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Charlotte Amalie
Sunday, February 5, 2023
HomeNewsArchivesObama Adviser Tells UVI Audience Gun Violence 'Is Everywhere'

Obama Adviser Tells UVI Audience Gun Violence 'Is Everywhere'

Calling it “probably the hardest thing we’ve ever done,” Harvard University law professor and judicial theorist Charles J. Ogletree, Jr. said the United States needs to confront its gun violence epidemic. His comments were made Friday night during the Alfred O. Heath Distinguished Lecture Series at the University of the Virgin Islands.

Ogletree’s lecture focused on how President Barack Obama may react to the string of mass shootings that have rocked the nation during his administration. He has some special insight into the president’s psyche as he was one of his Obama’s professors during law school and later served as an adviser.

At the beginning of his presentation, Ogletree entertained the crowd with anecdotes about the president as a student and later as a young politician, at one point jokingly claiming credit for coining the phrase “Yes, we can.”

His speech turned serious quickly, however, as he began to explore how gun violence has helped define Obama’s record on domestic issues.


“What happens when we see terrorism occur in the United States against children with the use of handguns? [Obama] was not prepared for this,” he said.

For almost five minutes, Ogletree read off a series of slides that detailed the types of weapons used and the number of victims from mass shootings that have occurred over the last 15 years. Some were well known and fresh in the public memory, such as the Newtown, Conn., school shooting and the Aurora, Colo., movie theatre attack. Others few had heard of.

The point of the exercise was to show that gun violence is a growing national problem that can affect any state in the country.

“You can’t say that you’re going to stop it in the south, or the east, or the north or the west. It’s everywhere,” he said.

So what can be done? Ogletree presented research that suggests stricter gun control laws result in less gun violence. He said this has been proven true both in states that have adopted strict gun laws as well as in foreign countries, such as England, Canada and Australia.

However, he was quick to note that the Second Amendment made gun control a tricky issue in the United States, not just for legal reasons but also because it has fostered a pro-gun tendency in our national culture.

Ogletree presented a pair of slides to illustrate this point. The first tracked the number of people killed in mass shootings since the 1980s, showing a distinct rise over that timeframe. The second tracked people’s stance on gun control during the same period. Even as the number of mass shooting has steadily increased, support from stricter gun legislation has eroded over the last three decades. In 2010, only 44 percent of Americans desired stricter gun control.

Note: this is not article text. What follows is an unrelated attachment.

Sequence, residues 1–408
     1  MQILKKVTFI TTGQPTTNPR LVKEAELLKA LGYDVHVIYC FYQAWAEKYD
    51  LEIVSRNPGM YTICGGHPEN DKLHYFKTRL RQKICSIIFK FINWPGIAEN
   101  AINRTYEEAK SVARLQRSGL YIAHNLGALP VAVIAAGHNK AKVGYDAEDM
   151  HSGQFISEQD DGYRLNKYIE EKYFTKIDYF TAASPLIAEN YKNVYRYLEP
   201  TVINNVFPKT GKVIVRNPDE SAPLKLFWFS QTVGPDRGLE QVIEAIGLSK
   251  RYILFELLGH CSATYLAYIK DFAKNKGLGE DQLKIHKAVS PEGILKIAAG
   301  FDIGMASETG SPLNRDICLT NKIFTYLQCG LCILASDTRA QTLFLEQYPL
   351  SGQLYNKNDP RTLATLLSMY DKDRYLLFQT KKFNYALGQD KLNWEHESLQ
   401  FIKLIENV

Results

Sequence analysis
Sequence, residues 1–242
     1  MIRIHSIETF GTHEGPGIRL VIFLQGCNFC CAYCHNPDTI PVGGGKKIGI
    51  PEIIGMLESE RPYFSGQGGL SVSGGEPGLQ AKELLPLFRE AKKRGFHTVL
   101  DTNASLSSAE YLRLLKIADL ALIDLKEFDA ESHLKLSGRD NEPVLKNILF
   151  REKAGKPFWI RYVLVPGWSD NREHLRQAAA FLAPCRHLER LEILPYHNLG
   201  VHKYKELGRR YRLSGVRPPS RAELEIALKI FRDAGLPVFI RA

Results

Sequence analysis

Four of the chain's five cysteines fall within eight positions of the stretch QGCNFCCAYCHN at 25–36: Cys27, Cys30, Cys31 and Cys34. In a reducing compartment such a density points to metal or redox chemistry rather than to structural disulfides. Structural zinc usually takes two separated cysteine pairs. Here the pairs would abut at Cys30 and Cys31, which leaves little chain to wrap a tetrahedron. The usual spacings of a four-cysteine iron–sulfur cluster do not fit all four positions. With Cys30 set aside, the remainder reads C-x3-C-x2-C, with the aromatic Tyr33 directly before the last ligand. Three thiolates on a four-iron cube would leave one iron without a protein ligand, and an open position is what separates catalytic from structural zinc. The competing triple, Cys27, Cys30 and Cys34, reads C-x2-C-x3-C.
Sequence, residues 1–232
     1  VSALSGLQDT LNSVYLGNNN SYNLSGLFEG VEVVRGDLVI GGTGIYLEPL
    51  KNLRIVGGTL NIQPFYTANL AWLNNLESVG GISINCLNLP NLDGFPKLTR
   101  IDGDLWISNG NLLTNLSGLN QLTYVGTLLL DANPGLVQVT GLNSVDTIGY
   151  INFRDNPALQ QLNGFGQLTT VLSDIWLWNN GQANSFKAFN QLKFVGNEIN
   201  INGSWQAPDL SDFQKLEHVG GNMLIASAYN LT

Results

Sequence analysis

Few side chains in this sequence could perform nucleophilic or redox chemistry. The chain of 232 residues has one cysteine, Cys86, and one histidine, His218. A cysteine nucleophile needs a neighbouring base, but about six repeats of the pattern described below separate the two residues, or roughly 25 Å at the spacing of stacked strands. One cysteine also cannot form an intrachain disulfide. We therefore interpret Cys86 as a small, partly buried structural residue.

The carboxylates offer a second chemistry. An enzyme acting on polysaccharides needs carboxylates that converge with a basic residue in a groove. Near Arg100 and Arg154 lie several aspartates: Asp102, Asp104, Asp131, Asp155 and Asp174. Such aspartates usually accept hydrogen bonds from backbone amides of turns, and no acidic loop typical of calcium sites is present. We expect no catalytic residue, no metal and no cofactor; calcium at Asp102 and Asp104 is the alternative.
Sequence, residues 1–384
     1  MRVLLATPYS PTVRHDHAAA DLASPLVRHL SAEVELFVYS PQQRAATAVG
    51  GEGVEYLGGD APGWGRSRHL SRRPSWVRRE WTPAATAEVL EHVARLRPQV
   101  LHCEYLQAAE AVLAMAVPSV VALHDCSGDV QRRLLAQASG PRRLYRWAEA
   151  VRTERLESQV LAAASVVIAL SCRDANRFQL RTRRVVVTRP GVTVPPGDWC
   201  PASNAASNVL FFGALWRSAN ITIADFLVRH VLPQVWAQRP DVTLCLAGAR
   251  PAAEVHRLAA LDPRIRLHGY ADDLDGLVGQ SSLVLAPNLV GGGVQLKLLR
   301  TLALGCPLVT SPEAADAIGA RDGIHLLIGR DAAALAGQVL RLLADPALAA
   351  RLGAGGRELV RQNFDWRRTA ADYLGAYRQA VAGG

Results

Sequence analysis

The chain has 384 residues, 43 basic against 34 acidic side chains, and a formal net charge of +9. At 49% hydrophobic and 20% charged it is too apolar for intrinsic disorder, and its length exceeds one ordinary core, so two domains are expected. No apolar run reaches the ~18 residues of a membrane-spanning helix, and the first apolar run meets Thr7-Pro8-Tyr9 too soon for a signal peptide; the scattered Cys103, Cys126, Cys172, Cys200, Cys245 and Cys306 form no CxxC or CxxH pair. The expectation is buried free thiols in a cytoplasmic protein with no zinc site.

Ogletree stressed the need for compromise on both sides. He said that gun control proponents need to understand that the National Rifle Association isn’t going away, and that they represent the views of millions of American citizens. At the same time, he would like to see gun rights activists accept that there is a problem with the status quo.

He offered a few possible solutions, the first of which was the passing of “sensible” gun laws. He did not go into great detail on this topic, but he questioned the need high-capacity magazines several times during his speech.

Ogletree also said the country needs to rethink how violence is presented in our popular culture. He questioned what impact violent television and video games have on American children.

Ogletree offered a few suggestions for confronting the issue directly in the Virgin Islands. He said he approved of the territory’s strict gun control laws, but that something needed to be done about the amount of weapons coming into the islands illegally.

He said offering better education and job prospects to our children were key. He cited a report that found 19 percent of teenagers between the ages of 16 and 19 in the Virgin Islands were neither in school or working. How could we expect some of theses children not to turn to crime, he asked.

He also addressed the territory’s gun buyback program. While he approves of the tactic in theory, he criticized the practice of paying cash for returned weapons.

“It makes no sense to give somebody who just gave you a gun off the street cash, because they upgrade. They get a better gun,” he said.

He advised handing out cards that could be redeemed for food or clothing instead.

Ogletree concluded by saying gun control was a complicated issue, but one the Obama administration would have to address.

“We have to do something. We have to respect the Second Amendment, but we also have to respect the fact that we want to live a long life, and if we’re going to do that, we have to do something as a society to get rid of guns,” he said.

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